and also Empires and Dynasties. Can't remember the name of the publisher. This one is noteworthy because it has, at the core of its rules, permadeath for your main character. And a creation oriented system for having offsprings from your main characters, and a blending of your characteristics and that of the other parent...

Worth a nickel...

Share this post


Link to post
Share on other sites
Quote:
Original post by ishpeck
I will take the obligatory role of "Nay-sayer."

Table-top role-playing games are designed for play on the table-top medium. Their mechanics are usually dice-oriented because dice help resolve contests the variables of-which are too complicated for a human to conveniently do. Because a computerized RPG has the calculatory of a COMPUTER available to it, dice mechanics and randomization in general may concede to a sophisticated model of contest resolution. This often calls for more work but it can actually be quite rewarding.
(...)


thats why I said "as inspiration" and not "as tamplate".

Share this post


Link to post
Share on other sites
Call of Cthulhu (chaosium)

Call of Cthulhu is based on the horror stories by Lovecraft et.al. which make up the Cthulhu mythos. It is very different from most rollplaying games since direct combat is rarerly an option that leads to victory (as the comic in the rulebook puts it: ...the most experienced player has the highest movent rate).

setting
It is set in "the real world" which however is inhabited with godlike monsters that lurk in the shadows. Sanity is the most valuable good and madness is waiting to embrace you.

rule set
It is a simple skillbased system. There are some unique mechanismens like sanity. It can be explayned in less than ten minutes and it works great.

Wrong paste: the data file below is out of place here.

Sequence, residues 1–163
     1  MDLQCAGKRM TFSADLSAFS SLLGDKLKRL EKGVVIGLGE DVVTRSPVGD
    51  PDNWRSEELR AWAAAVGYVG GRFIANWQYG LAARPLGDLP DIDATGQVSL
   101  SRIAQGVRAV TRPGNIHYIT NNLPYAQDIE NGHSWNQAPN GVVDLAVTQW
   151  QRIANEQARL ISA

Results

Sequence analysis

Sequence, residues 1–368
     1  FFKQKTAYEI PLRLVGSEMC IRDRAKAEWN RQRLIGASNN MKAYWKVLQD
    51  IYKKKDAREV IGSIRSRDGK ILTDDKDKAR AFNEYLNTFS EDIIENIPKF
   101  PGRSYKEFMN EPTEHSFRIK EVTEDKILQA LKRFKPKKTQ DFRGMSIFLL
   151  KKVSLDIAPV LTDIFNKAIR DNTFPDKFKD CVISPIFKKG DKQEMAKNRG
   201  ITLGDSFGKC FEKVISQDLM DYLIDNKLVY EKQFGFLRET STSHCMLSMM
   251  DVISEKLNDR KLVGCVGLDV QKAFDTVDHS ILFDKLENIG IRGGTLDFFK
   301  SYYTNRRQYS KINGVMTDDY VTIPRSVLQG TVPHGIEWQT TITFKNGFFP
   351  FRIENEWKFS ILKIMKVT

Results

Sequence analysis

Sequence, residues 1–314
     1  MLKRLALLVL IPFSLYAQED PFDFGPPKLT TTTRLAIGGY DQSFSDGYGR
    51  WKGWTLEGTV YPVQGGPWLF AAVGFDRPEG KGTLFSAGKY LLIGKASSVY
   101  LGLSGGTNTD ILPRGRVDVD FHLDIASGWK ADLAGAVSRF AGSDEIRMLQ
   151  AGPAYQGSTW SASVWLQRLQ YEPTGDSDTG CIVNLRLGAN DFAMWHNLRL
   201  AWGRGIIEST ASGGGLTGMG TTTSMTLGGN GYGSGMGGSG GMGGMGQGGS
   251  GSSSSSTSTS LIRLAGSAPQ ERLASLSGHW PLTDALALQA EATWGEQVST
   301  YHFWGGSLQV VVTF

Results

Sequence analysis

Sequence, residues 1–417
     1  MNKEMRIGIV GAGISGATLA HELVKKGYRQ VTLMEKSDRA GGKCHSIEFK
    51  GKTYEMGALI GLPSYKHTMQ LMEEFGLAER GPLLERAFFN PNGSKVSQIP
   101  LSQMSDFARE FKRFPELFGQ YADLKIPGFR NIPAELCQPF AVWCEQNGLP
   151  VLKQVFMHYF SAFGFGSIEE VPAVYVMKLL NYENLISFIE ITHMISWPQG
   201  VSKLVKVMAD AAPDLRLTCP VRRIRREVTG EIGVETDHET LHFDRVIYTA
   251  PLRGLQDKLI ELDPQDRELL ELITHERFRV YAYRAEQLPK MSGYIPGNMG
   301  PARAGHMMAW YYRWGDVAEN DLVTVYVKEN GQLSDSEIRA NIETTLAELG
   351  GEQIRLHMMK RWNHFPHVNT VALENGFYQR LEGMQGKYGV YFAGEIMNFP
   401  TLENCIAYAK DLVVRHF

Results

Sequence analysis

notes
The books and expansions are realy good sources for historic data.
A good example for a not combat based RPG

Share this post


Link to post
Share on other sites
You think DnD has a complex ruleset? Hah!

Ahem...

I also would like to put in a mention for GURPs [generic universal roleplaying system] since it is quite "different". It's main features are a system design to be used in any genre, and is often used in a mix of genres [wizards on spaceships run by bio-engineered vampire hackers]. It also has an interesting point based character generation system.

Also I'd recommend playing a game of HoL [Human Occupied Landfill], if you can somehow find it. The legend goes that two buddies were partying one night, and had a little too many sychotropic substances. When they awoke, they found a little book full of doodles, drawings, and a complete character generation system for an RPG. Despite being absolutely absurd [and hilarious], the character generation system is pretty interesting. It is sort of like a 'choose your own adventure' style character generation.